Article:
Should I buy it? At £70 (although you can find the book heavily discounted online), Mirazur is quite the investment, but real effort has been made to elevate it above the level of souvenir. Colagreco is one of the most individual chefs working in the modern progressive genre and anyone who aspires to join him in the rarefied heights of gastronomy would be rewarded by reading this book.

Cuisine: French/progressive
Suitable for: Professional chefs/confident home cooks
Cookbook Review Rating: Five stars

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Mirazur (English)
Catapulta, £70

Estela by Ignacio Mattos

Estela

Ignacio Mattos’s downtown Manhattan restaurant Estela has a cult following among British chefs. James Lowe invited Mattos to cook at his Shoreditch restaurant Lyles in 2017 and Matthew Young, formerly of Elroy and Mayfield’s, is a fan. Before opening Estela in 2013, Uruguay-born Mattos worked for Judy Rodgers at Zuni Café and Alice Water and David Tanis at Chez Panisse in San Francisco. In the book’s introduction, he sites Francis Mallmann, the godfather of elemental open fire cooking, as his ‘main mentor’ and with whom he cooked outdoors in New York during a snowstorm and on top of a mountain in Mendoza.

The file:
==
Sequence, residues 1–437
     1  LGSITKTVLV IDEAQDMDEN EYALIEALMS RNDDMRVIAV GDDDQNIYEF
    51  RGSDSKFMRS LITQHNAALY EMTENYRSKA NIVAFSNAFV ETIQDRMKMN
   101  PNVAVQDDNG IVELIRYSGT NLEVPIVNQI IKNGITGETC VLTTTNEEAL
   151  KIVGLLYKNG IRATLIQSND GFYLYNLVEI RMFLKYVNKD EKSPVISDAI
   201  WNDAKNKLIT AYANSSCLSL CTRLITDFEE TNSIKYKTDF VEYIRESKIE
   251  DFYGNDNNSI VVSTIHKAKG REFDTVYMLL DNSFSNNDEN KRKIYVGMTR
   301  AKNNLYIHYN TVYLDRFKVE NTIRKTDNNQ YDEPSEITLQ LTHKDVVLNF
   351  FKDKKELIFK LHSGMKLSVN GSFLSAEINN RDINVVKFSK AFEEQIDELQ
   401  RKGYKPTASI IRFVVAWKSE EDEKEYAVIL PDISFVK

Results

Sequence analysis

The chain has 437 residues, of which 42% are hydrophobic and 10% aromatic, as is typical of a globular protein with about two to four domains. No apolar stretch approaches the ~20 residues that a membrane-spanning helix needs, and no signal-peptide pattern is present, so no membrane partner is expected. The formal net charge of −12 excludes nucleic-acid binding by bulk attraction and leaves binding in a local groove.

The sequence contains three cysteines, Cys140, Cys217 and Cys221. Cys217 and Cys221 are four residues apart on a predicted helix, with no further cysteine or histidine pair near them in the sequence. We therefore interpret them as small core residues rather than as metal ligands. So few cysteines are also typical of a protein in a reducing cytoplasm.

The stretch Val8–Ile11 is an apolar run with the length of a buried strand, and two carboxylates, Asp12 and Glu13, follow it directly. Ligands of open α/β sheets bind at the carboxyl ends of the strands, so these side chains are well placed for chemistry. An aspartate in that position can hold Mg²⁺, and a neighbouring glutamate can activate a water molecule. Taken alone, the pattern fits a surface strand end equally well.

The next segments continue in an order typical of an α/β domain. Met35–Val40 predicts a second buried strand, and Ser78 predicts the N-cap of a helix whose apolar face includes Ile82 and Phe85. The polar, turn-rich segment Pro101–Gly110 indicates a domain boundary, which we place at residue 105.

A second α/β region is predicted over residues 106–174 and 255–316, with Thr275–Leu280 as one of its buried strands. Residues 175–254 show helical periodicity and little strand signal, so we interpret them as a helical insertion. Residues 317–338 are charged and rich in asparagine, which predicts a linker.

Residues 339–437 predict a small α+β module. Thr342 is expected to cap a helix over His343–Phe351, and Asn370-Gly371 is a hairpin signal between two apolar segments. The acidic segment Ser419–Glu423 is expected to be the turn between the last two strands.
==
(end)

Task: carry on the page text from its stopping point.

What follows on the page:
In the brief introduction, Mattos talks about his culinary travels that have allowed him to explore everything from Italy’s cucina povera to modernist cooking in Spain; from classical French cuisine to the Afro-Brazilian cooking of Bahia, Brazil. That global perspective is reflected in the ‘Estel Essentials’ chapter that lists Italian bottarga, Southeast Asian fish sauce and Japanese furikake seasoning among Mattos’s favoured pantry ingredients.